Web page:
“In 2023, we will be piloting the Subscribe to Open (S2O) business model with two journals, Pediatric Neurosurgery and Developmental Neuroscience, as part of our ongoing drive to support the transition to Open Access (OA). S2O is a alternative way to move journals to OA, alleviating some of the challenges that come with Gold OA. Where Gold OA relies on payment for publishing in the form of Article Processing Charges (APCs) by the authors or their institutions, S2O makes use of the existing subscription base, funds and infrastructure to make journals free to read and share as well as to publish in. Unlike Gold OA journals, which are continually OA, the OA status of S2O journals is decided volume by volume, early every year (depending on the level of subscriptions). S2O was originally developed by the publisher Annual Reviews and has been adopted by a growing number of publishers who are collaborating in the S2O Community of Practice….”
OASPA Equity in Open Access Workshop 1 Report | Zenodo
“This first OASPA workshop in the Equity in Open Access series took place on 7 March 2023, with publishers, librarians, funders, and other stakeholders. Participants came from a wide range of countries: Bangladesh, China, Finland, Germany, India, Japan, Malawi, Morocco, Norway, Rwanda, South Africa, Spain, Sweden, Tanzania, the UK, the USA, and Zambia.
Participants discussed why equity is important, current challenges to global equity, examples of good practice, and priorities for increasing equity in OA.”
Report from Equity in Open Access workshop 1: the APC debate, reflections and rainbows – OASPA
“One consensus view that emerged from the conversations was that APCs (Article Processing / Publishing Charges) are a barrier to participation in OA publishing for authors in every region. This was in line with the global views OASPA has been gathering that were shared earlier this year.
OASPA notes a raft of evidence and views supporting the problematic nature of the APC, from this 2020 commentary to this 2022 review and this 2022 study stating that open access is leading to closed research.
OASPA also notes this 2019 blog post that asserts “unfairness lies at the core of the APC problem”, and talks about particular disadvantages to scholars based in the Global South. This 2020 study examining content published by US-based researchers between 2014 and 2018 in over 25,000 academic journals reveals that, in general, the likelihood for a scholar to author an APC-OA article “increases with male gender, employment at a prestigious institution, association with a STEM discipline, greater federal research funding, and more advanced career stage (i.e., higher professorial rank).” Meanwhile, we know that authors from the Global South are underrepresented in journals charging APCs from this study in December 2021.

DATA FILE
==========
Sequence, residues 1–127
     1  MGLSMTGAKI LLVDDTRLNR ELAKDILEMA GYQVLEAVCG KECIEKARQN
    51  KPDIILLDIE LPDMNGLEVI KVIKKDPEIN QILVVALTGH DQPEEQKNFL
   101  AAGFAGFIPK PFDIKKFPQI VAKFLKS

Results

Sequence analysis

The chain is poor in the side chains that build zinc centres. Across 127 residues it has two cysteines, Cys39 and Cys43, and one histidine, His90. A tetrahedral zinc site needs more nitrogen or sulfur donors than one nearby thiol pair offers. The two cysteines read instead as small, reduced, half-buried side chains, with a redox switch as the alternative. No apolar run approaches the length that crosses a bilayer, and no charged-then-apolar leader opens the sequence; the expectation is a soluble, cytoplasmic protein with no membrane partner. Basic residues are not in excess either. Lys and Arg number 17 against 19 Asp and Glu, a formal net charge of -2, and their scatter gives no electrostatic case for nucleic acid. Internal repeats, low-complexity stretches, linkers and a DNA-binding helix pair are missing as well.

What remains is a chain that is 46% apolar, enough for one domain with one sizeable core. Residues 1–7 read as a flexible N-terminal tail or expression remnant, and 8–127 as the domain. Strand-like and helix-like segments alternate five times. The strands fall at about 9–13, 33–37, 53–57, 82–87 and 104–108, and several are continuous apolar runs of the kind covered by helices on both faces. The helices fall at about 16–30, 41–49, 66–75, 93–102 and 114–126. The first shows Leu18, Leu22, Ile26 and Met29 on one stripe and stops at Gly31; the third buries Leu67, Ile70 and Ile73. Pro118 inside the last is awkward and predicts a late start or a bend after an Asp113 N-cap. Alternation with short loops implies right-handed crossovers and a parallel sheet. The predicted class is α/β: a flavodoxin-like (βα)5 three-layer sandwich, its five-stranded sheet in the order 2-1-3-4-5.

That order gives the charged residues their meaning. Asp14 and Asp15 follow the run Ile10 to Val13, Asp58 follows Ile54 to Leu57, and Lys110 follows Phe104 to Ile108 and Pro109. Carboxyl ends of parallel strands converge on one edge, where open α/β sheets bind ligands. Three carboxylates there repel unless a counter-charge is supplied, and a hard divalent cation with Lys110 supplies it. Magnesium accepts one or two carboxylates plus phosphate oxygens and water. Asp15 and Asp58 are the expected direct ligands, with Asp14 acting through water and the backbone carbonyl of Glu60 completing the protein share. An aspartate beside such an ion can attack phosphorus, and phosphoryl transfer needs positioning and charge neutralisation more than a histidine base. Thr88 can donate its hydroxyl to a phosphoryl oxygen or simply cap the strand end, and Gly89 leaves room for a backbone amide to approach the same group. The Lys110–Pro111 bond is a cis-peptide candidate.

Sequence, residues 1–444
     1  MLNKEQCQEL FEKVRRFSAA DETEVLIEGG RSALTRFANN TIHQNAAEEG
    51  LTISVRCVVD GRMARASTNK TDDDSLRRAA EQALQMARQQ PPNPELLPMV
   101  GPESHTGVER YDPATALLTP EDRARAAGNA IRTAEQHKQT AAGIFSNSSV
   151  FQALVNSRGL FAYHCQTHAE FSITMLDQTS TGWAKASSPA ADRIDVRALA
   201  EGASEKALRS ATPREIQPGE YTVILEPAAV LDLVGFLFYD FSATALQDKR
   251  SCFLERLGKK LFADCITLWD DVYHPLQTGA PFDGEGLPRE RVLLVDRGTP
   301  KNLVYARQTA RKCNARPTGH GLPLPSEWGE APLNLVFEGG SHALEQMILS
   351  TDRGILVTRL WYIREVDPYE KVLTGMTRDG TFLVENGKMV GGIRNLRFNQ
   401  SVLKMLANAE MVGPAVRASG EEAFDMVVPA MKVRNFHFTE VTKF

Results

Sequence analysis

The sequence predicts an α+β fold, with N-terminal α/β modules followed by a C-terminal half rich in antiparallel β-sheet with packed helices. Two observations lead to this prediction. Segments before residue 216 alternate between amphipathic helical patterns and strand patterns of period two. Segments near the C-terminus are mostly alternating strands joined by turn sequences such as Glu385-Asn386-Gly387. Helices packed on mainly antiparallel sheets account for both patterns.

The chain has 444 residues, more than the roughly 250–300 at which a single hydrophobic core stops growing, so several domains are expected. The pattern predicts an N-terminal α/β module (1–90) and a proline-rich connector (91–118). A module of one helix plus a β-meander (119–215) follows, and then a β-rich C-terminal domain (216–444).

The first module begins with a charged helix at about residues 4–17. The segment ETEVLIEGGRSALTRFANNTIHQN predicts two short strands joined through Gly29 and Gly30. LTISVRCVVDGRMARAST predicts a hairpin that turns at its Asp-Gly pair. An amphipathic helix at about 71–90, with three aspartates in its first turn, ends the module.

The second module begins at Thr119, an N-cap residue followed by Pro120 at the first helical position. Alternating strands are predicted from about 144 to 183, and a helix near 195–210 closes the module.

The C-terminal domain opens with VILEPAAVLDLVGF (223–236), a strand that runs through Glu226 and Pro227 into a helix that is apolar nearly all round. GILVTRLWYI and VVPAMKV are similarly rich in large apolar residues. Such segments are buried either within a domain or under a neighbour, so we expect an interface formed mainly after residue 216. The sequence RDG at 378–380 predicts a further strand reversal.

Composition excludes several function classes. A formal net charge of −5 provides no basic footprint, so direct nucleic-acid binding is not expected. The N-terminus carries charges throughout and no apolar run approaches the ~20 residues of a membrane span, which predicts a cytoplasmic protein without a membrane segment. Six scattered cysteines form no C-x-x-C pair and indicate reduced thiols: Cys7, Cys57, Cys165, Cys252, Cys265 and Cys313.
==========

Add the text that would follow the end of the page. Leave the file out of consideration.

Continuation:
The APC model, and publisher deals that rely on APC-based computation, are therefore in danger of reinforcing a pattern of exclusive participation in open access. OA done this way leaves out the vast majority of the world’s researchers….
In other words, if APCs are inequitable, then so are fully-OA agreements (pure-publish) and transformative agreements (Read & Publish) when these are struck without principles of global inclusion and equity at their core….”
An open letter from UK researchers to UK library directors regarding the UK’s reliance on read-and-publish deals with journal publishers
“On 3rd March 2023, all thirteen “Ivy plus” library directors in the USA published an open letter in support of new ways of publishing journal articles, moving away from article processing charges (APCs) and read-and-publish models. These models are increasingly seen as outdated as they reinforce inequities in scholarly publishing. In particular these models typically move the paywall from the reader to the author which excludes many authors in the global South.